Our first inkling of spring

The march of the daffodils has begun. The length and warmth of days has slowly increased, enough to trigger the energy within the dormant bulbs to activate. I’ve lived long enough to not be surprised by the bright green tips emerging through winter’s brown, but each year I feel a joy as if I’ve never seen them before. An old friend, reincarnated, perhaps.

With less than two official weeks of winter left on the calendar, the daffodils’ arrival is the first sign of renewal. I haven’t yet added hellebore or witch hazel — the usual harbingers of winter’s end — in my new garden, so, for now, the trusty old daffodils will serve as our first inkling of spring.

Skychasing | 03.05.19

Frigid. That’s the only way to describe the first few days of March. The thermometer was lower in January, but there’s been something about the recent cold snap that goes straight to the bones. The sun dodged in and out between flurried squalls but never brought the warmth we’ve all be craving. Next week, perhaps.

Skychasing | 02.26.19

The last few months have been among the best of my life, both personally and professionally. I just described my life to a friend as “never having been more zen.” My inner circle has become more intimate and beautifully deep, taking center stage while the distractions of life have moved into the wings or disappeared altogether.

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Skychasing | 2018.12.01

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I found time to get some dirt and gravel under my tires at sunset tonight, a long overdue breath of country air. A sliver of sunset hung at the horizon as low scuttle clouds raced from the south. I secretly hoped for a spectacular underlighting that never came, but the skies didn’t disappoint. My short jaunt of skychasing on this unseasonably warm day was the perfect cabin fever cure.

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Fall colors in the garden

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As we enter November, fall color is deep and plentiful after a week of cool, wet weather. Whether the sky is overcast grey or brilliant blue, the reds, oranges, and yellows pop. The weight of the rain brought many leaves to the ground, creating a carpet around and over our gardens. Perennials may be on their way into dormancy, but they’re refusing to go without one last show of gold.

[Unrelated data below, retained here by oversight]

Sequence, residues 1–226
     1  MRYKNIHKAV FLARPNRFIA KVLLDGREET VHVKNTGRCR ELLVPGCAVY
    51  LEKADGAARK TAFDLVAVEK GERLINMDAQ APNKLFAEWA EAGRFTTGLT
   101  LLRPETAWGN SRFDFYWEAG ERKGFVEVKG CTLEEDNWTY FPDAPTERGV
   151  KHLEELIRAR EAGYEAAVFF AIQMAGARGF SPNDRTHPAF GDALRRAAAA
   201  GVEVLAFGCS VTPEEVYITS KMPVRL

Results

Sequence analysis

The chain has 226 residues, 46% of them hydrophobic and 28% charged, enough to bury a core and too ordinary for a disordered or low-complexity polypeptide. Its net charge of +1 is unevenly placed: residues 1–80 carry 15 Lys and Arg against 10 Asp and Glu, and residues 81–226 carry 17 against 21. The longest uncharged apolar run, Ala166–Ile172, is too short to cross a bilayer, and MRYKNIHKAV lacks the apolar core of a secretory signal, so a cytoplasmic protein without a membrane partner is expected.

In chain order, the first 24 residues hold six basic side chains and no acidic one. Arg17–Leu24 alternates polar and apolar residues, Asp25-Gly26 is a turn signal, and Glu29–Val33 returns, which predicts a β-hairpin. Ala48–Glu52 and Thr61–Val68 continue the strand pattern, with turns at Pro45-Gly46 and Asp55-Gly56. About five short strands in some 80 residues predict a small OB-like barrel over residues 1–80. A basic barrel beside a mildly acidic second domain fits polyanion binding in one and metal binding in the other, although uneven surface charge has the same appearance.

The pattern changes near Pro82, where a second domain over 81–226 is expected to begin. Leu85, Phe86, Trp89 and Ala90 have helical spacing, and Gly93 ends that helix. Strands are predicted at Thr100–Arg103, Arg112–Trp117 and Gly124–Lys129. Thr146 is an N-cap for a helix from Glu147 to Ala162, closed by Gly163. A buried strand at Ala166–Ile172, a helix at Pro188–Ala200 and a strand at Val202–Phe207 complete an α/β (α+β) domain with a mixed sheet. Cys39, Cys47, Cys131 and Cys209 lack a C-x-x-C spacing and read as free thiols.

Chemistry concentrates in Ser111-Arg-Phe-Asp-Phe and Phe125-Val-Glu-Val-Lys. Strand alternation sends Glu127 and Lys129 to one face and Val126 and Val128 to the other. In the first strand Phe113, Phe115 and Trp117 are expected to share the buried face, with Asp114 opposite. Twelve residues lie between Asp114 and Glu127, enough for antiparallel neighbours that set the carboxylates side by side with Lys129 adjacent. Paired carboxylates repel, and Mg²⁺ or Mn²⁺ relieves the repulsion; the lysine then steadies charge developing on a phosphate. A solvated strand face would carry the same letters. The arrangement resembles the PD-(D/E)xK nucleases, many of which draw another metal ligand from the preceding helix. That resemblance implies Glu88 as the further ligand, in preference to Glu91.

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Hope needs our help

The news has been nauseating. It’s like we’ve opened Pandora’s box and released all our worst inclinations into the public square. I reminded myself of one part of the Pandora myth this morning — hope remained in the jar (box) after the evil was released into the world. Hope needs our help right now. We have to find the goodness, beauty, and progress that still abound in the world, shadowed by the specter of these unleashed demons. We have to help hope regain her rightful place at the front of our lives, our communities, and our nation. That means lifting up the good we find. That means respecting *all* of our neighbors. That means being active in civil life, exercising our obligation to vote for hope not division. And it means challenging Pandora’s minions when they cross our daily paths.

Presence over time

IMG_9271It’s interesting how those of us in four-season climates talk about the plants in our gardens — in terms of how long they’ll last. Annuals come and go in one growing season. Perennials come back every year, but mostly lie dormant below the ground in winter. Trees and shrubs — we think of them as the bones, the stalwart foundation, that last for years, perhaps a lifetime. We cherish them for their presence over time, rather than their value in the moment.

We do the same for people, don’t we? Read More

Bring out your dead

Frost took out the tender annuals this week, so it was time to do some cleanup. I walked through the garden, throwing the wilted carcasses of coleus, impatiens, and begonias into the wheelbarrow with the the voice of Monty Python’s cart master in my head.

Bring out your dead.

Bring out your dead.

I may have imagined one tougher than average coleus protest.

I’m not dead. I don’t want to go on the cart. I feel fine.

Pluck. Toss.

You’ll be soon dead in a moment.

Perhaps these thoughts are best left in my head, but I couldn’t resist sharing a little garden humor as the season comes to an end.